New camera gear is constantly being released. So upgrading gear is constantly available to us. The question is what should you be upgrading? This post will be the start of a more in depth look at the equipment we use for our wedding photography, and why we use it. We started with two cut frame (DX) cameras for our first few weddings and some basic lenses that came with their sets. So, upgrading for us started with getting a professional full frame (FX) camera body first. The difference between the two is normally more than double the price tag, but for that you are getting a larger image sensor to capture your photographs on, so your images are not only bigger in size, they are also more versatile and higher quality, especially if you plan on cropping in. We jumped from the Nikon D80, to the D600 and now to the D750. If you are just starting out your photography, you probably won’t jump out the gate with a full frame camera. Instead you will start with a bundle that gives you the flexibility to photograph both up close and far away, sacrificing a little quality for affordability and experience. But, once you have your heels dug in, I would first consider the jump to a full frame camera body.
The thing about all of those fancy fixed aspect ratio, high end portrait lenses is that they are designed to work best with full frame camera bodies. You can use those awesome lenses on cut frame camera bodies, but you lose some of their amazingness because your camera body can produce an image that is only so good, not great. I believe that sacrificing a little bokeh for better focus under low light, and twice an image size gives you much more flexibility and improves your imagery at the start; inside your camera.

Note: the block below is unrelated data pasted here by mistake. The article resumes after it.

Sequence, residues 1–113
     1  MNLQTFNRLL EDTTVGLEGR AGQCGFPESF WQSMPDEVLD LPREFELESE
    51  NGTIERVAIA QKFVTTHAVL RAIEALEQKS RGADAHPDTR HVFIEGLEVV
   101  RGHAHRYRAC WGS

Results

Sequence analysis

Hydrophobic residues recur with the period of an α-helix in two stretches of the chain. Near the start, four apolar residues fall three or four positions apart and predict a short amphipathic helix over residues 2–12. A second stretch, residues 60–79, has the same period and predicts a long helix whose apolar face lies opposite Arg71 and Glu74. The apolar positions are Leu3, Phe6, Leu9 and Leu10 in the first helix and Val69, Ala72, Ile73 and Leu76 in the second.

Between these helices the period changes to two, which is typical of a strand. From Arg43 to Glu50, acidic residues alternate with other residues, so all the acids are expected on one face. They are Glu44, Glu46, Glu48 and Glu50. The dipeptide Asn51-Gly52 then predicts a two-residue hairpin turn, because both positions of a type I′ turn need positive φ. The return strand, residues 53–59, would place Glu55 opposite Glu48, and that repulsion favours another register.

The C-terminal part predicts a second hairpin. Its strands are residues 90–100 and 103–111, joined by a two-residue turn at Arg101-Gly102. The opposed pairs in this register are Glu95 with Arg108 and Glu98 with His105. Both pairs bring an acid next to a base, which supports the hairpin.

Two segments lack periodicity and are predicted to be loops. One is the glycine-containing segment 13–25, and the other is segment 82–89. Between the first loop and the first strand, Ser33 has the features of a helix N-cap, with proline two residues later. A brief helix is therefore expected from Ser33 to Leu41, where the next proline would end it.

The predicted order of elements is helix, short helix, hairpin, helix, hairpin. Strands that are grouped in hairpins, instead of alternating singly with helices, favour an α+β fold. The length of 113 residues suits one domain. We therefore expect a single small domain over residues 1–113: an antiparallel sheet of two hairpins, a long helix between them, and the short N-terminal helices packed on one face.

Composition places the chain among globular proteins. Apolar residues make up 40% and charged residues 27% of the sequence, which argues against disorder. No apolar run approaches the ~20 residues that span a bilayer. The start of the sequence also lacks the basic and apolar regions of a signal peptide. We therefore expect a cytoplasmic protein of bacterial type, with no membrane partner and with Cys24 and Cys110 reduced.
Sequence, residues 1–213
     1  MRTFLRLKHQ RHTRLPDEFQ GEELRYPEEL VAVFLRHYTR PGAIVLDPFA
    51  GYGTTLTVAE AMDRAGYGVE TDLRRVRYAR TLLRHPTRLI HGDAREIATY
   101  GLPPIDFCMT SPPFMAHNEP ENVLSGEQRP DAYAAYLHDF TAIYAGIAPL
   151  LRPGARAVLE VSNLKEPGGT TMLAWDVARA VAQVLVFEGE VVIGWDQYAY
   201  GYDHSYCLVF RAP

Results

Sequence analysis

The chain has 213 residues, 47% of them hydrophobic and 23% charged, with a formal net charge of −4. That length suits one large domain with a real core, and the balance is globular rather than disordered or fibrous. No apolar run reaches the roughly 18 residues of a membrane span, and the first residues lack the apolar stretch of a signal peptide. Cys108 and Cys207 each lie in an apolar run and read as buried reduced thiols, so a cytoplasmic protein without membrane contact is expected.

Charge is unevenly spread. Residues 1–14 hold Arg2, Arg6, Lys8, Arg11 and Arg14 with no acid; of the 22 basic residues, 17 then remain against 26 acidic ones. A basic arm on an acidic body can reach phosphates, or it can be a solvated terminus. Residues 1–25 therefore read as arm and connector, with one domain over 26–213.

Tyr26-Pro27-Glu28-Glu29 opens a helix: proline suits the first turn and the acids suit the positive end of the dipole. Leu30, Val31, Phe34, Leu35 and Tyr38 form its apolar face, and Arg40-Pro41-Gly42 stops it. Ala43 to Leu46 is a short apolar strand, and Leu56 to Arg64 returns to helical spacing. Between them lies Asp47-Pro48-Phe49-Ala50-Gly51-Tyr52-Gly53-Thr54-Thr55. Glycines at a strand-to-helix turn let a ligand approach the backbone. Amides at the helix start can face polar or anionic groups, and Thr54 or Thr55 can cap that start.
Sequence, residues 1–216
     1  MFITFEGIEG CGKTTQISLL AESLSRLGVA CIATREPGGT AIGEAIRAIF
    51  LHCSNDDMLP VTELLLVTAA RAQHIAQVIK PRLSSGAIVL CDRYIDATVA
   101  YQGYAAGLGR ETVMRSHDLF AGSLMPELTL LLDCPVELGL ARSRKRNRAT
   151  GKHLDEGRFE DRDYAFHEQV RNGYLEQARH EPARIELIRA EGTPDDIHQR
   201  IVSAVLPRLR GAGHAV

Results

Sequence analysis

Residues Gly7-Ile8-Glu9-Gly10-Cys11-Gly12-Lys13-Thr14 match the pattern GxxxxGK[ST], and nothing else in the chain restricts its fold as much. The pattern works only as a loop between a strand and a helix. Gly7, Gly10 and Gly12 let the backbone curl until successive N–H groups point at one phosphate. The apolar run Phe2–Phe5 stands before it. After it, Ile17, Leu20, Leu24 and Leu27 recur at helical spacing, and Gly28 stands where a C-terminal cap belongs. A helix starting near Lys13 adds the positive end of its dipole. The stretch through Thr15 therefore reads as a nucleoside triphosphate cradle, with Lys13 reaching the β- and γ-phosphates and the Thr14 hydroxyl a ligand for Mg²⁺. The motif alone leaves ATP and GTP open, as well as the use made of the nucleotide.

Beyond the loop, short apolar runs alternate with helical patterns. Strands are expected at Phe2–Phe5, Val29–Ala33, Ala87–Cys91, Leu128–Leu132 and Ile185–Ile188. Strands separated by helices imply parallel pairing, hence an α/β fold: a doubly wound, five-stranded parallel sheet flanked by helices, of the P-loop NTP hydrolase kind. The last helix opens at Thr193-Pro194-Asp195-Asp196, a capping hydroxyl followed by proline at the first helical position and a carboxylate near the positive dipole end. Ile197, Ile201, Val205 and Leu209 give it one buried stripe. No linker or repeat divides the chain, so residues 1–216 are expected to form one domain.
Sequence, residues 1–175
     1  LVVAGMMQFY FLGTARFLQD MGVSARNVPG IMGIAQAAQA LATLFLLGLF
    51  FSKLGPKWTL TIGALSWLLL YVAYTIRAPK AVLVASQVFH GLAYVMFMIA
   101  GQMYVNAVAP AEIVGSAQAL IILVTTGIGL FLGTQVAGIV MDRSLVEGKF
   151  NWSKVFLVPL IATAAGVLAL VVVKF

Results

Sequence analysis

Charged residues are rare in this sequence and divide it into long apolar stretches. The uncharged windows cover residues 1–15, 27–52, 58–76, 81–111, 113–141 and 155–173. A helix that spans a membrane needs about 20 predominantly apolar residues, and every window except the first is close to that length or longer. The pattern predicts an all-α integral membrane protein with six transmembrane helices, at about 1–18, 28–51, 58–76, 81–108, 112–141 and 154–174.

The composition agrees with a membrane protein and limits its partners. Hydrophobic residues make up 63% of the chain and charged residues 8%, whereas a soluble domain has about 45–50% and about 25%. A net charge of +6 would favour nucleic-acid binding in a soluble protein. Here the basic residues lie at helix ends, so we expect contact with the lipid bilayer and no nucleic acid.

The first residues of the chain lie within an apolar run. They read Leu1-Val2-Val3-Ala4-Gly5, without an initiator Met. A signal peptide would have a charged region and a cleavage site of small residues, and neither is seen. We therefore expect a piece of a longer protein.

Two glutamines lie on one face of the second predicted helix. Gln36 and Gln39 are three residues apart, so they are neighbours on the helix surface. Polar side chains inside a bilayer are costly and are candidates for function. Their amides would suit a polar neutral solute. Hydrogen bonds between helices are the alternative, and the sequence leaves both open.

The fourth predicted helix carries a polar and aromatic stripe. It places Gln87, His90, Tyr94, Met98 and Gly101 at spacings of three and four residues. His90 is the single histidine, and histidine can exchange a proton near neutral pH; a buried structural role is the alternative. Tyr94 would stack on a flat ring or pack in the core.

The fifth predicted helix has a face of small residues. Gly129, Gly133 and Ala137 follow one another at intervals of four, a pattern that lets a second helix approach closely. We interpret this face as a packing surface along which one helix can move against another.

It also makes sense financially to take the plunge and get a new, full frame camera body first. Some of our favorite, and popular lenses in the wedding photography business are the 24-70 f2.8 and 70-200 f2.8, both of which are very close to a new (and newly released) D750 body in cost each. In fact, the 70-200 lens is more expensive! And which do you think would help most, especially if you are coming from a bundle that has lenses that cover similar focal ranges. Some of those really great lenses limit yourself quite a bit, so getting a full frame body to work from as your first major upgrade makes more financial sense. For a while we were photographing on full frame bodies, and using more basic lenses that were from our first bundle, or renting a lens from BorrowLenses.com (check out our post on them). And though those lenses limited our consistency (and our backgrounds were not as beautiful as we wanted), having twice the image size gave us more to work with in editing and styling without us having to worry about our image quality because our image size had grown.
Now, once you have that first full frame body, jump into the world of lenses. I could spend all day looking, comparing, and trying out all types of high end lenses that are out there. And like most technology, the more you pay for a lens, the better it is made, and the better it performs. But being portrait and wedding photographers, there are a few lenses and lens types that specifically cater to what we are looking for (don’t worry, we’ll give you some tips in upcoming posts!). Some lenses give us more consistent lighting, some give beautifully blurred out bokeh backgrounds behind our gorgeous couples, and others that just out-perform in receptions and tight spaces. The point is to find what works best for you, and what you like to use to match your style of photography. And if you already have your perfect lens setup, maybe it’s time you go back to look at a newer camera body.
We will be going into a little more detail about all the different lenses out there, but the point is to start upgrading from the beginning. Work your way to a full frame camera body, and then invest in your lenses.
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Michael and Laura Photography
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